“We have begun to talk about whether you could create some virtual fan experience, and we’re going to try to be as creative as we can,” Waugh told WFAN. “It’s [still] to be determined, frankly, whether you could hold it without fans or not.”
Waugh went on to say that fans are “particularly important” at the Ryder Cup in comparison to other events, even majors, so we can rest easy knowing that he gets it, and the organization is still very much in the just-asking-questions phase. In other words, no need to panic.
Still, organizations look at fan and media reaction as a barometer for trial balloons like this one, so let me add my voice to the choir: Please, please, please, PGA of America, don’t stage a Ryder Cup without fans. Every solution needs to be explored, we get that, but this exploration should be short and swift, and end with a definitive “no way in hell.”
The Ryder Cup was more or less a dud for decades upon decades, and the reason it changed can be summarized in two words: expansion and passion. The expansion brought continental Europe into the fold in 1979 and leveled the playing field in a way that would pay dividends by 1983, the first really competitive Ryder Cup of the modern era. But expansion alone wasn’t enough—it required buy-in from the players. Luckily for Europe, they had men like Tony Jacklin and Seve Ballesteros and Bernhard Langer and so many others who loved the Ryder Cup and wanted badly to prove themselves against the previously dominant Americans. That passion eventually translated to a continental fan base, and despite the geographic boundaries separating the European nations, a team identity emerged, and with it a fan identity.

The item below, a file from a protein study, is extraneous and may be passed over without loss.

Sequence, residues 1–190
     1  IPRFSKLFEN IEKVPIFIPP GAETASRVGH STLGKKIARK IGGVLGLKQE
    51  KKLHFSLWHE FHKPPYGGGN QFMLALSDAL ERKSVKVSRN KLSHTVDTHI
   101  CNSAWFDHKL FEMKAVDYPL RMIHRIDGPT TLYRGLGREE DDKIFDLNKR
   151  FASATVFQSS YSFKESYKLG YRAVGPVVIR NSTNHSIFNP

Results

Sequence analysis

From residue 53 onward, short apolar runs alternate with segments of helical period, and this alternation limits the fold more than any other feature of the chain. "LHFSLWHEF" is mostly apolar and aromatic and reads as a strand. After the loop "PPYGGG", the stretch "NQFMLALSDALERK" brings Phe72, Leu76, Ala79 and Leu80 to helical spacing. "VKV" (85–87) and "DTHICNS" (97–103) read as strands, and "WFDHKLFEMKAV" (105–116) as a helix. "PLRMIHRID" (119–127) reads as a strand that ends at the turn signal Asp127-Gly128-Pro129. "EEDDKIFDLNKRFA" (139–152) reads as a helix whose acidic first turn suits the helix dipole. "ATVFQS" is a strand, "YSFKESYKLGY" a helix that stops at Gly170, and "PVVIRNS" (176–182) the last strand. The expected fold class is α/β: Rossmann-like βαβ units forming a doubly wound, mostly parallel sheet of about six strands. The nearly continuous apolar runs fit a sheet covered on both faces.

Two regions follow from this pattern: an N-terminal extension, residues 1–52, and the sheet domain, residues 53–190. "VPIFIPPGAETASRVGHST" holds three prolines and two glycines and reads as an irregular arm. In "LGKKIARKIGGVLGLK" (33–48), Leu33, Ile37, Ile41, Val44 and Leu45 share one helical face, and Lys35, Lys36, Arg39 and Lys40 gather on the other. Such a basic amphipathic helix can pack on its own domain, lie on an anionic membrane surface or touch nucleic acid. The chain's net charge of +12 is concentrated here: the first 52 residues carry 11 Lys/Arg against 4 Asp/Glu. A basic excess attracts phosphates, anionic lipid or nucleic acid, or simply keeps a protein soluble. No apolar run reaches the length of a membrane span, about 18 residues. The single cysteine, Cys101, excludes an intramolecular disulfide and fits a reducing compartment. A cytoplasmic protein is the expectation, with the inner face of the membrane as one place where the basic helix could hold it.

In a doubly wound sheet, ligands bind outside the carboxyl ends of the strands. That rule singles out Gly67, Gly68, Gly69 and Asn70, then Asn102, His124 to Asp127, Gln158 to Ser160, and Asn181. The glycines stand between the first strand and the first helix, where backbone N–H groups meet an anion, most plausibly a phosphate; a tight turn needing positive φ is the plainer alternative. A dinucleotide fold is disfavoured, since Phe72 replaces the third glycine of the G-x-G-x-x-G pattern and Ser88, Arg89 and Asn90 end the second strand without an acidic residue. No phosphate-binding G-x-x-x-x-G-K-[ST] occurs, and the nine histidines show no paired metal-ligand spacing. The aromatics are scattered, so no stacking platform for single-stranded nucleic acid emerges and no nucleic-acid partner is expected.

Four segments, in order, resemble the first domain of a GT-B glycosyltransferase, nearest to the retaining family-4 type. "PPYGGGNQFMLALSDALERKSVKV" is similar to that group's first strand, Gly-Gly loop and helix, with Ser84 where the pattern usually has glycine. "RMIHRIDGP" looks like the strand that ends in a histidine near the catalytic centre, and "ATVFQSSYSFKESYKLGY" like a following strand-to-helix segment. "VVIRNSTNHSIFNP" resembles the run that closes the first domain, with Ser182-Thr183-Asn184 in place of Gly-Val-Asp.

TIMOTHY A. CLARY
As the matches became closer, and Europe began to win more than they lost, the event garnered more intrigue in America, too, and our own player passion and fan base grew. As the dynamic turned increasingly competitive, the tension skyrocketed, and fans responded by ratcheting up their fervor. Today, 40 years after the Ryder Cup re-invented itself so successfully, you simply cannot separate the event from the atmosphere. The songs, the roars and the general bedlam is symbiotic with the action on the course. They feed off each other in an act of pure energy escalation, and to remove one half of that formula is to neuter the entire spectacle.
Ask yourself this: Without fans, who would Patrick Reed shush? Who would Rory antagonize, one hand framing his ear, after sinking a massive putt? Would a darling duo like Moli-wood become instantly legendary or be just a cute couple?
More than any other event, the spirit of the Ryder Cup is defined by the fans. It needs the fans, full stop. The Masters wouldn’t be quite as good without, um, patrons, and ditto for every other tournament on the planet, but they would still be meaningful and entertaining. That’s just not true for the Ryder Cup. If the players gather at Whistling Straits in September, joined only by their families and a small gaggle of media and officials, it will be a pale imitation of the real thing. Better by far to delay, even by a year, than to stage the golf equivalent of a faint, flickering shadow.